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The Coventry Tales

POSTED: 01 April 2022

Writer and artist, Chris Miller, reflects on contemporary art, acts of solidarity and disability rights following a pilgrimage to Coventry to see the Turner Prize 2021 exhibition

THE COVENTRY TALES


by Chris Miller* with contributions from Livvy Murdoch

Seven of us — the magnificent seven — journeyed, as in Chaucer’s Canterbury Tales, on a modern-day pilgrimage, by train from London to Coventry. The holy site we went to visit was the epicentre of the 2021 city of culture — not Coventry’s famous cathedrals, but the Herbert Art Gallery and Museum. In it were five holy shrines, each exhibiting the work of one of the five artist collectives nominated for the 2021 Turner Prize.

All the pilgrims (bar one — see the next sentence) were, in different ways, disabled artists, and members of Autograph's Transforming Leadership programme for those who experience barriers to our entry into the art world. Though not a disabled artist, Livvy organised and coordinated the trip and, on the day, formed part of our rebellious cabal. You may rightly imagine the trip as less of a hallowed pilgrimage and more of a day out for a wayward mob of adolescents (even though we are all adults, and I am in my seventies!).

Like The Canterbury Tales, our unspoken backdrop was a pandemic. In Chaucer’s time it was the worst ravages of what became known as the Great Plague. For us, more than seven hundred years later, it was coronavirus. Although remarkably absent from the foreground, they form an ominous context to both.

The journey was more than just a tourist trip

Within the group, photographer Dexter McLean is, I think, amongst the more established artists in the group and perhaps the most obviously disabled (by common representation), being an electric wheelchair user. He also has the best, the wildest, sense of humour (by group consensus). My abiding image of the day is Dexter in his wheelchair, juddering over the cobble stones of Coventry, his voice modulating high and low, while all the time trying to carry on a conversation.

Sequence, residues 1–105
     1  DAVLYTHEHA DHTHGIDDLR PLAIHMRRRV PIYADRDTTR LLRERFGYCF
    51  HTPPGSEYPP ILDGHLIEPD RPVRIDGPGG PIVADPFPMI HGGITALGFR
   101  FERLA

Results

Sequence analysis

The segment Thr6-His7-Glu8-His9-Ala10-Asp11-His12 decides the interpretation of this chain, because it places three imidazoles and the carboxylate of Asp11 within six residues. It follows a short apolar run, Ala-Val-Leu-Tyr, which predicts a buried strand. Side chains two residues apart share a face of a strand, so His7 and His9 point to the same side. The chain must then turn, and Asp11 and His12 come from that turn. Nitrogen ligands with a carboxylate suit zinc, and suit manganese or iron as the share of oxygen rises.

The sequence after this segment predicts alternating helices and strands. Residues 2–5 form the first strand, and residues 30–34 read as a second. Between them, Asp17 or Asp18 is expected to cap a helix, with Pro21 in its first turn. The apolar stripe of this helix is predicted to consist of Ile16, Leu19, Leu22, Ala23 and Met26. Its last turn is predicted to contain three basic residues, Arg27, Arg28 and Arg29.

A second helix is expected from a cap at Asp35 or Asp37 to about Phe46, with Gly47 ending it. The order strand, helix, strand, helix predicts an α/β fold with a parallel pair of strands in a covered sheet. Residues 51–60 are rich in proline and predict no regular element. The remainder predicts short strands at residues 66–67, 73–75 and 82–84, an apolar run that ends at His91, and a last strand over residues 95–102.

Over lunch, we discussed the relative merits of the different shrines/art installations and voted on our favourites. Of the five displays, one – from the Project Art Works collective – presented the work of neurodiverse artists. You might expect we would have all choosen this disability related display, but you would be wrong - although it did have its enthusiasts. The vote fell in favour of the installation presented by Cooking Sections on the subject of sustainable food and salmon farming, not disability. In a later unanimous vote though, it was agreed that the real highlight of the trip was the food we’d consumed over the course of the day (perhaps a gastronomic theme is starting to emerge).

Transforming Leadership artists in the Cooking Sections installation 

On our return to London, we discussed the state of contemporary disability rights in the UK. We bemoaned what we felt to be a lack of momentum in recent years and reflected on the ideas of solidarity and intersectionality – inspired by the work of the collectives on display – but also noted ways in which representation and justice for disabled people generally seem to lag.

As such, the journey was more than just a tourist trip. As in an ancient pilgrimage, what was just as life changing as the visit to the holy sites was what happened on the journey itself, and the sense of community and growth of self-confidence we have since experienced as disabled artists.

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*As my surname is Miller, I contemplated calling this “The Miller’s Tale”, but thought better of it since this is not nearly as rude or funny as Chaucer’s original.

about the authorS

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Chris Miller

Chris Miller is a retired teacher, writer and a self-described outsider artist working in painting, pottery and drawing. Utilising the visual language of art from the past, Miller places his own body and identity at the centre of his work as a way of communicating with, and fitting into the wider world and in order to explore the changes he experienced as a result of becoming disabled.

Miller is a participant of Autograph's Transforming Leadership programme in collaboration with Shape Arts, which seeks to support artists in developing their practice and creative careers. He has exhibited in group shows at the Southbank Centre, Enclave Gallery Deptford and the Stratford Arts Centre. His recent solo exhibition, Me As Venus, was on display at Nomas Projects, Dundee (2021). Miller is based in Hornchurch, Essex, and is currently studying for a MA in Health Humanities at University College London. See a selection of the artist’s work on Submit To Love Studios’ website.

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Livvy Murdoch

Livvy manages Autograph's digital content and learning programmes. They have a particular interest in programming around queer identity and disability justice issues. Previously, Livvy has worked closely with artists and practitioners on Camden Art Centre’s education programmes.

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Transforming Leadership

Find out more about the project seeking to break down barriers within the creative industries and supporting artists to build creative careers as disabled, neurodiverse and barrier-facing individuals.

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Part of Shape's Transforming Leadership programme, on which Autograph is proud to be a key partner.



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